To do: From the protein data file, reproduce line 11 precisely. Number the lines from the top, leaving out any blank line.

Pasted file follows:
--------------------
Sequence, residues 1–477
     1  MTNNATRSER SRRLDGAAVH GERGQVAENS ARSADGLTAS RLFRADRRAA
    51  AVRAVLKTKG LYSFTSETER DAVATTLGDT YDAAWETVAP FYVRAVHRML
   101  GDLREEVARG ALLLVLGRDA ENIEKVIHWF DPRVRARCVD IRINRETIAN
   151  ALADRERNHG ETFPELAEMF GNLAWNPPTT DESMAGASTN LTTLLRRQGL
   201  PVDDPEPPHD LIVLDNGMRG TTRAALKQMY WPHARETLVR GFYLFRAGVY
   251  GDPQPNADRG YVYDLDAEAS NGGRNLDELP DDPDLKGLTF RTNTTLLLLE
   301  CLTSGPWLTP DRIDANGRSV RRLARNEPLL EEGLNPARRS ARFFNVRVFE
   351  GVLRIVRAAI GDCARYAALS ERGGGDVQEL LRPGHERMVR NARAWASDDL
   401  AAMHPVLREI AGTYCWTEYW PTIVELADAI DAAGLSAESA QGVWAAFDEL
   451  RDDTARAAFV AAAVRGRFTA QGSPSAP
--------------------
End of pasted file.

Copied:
   451  RDDTARAAFV AAAVRGRFTA QGSPSAP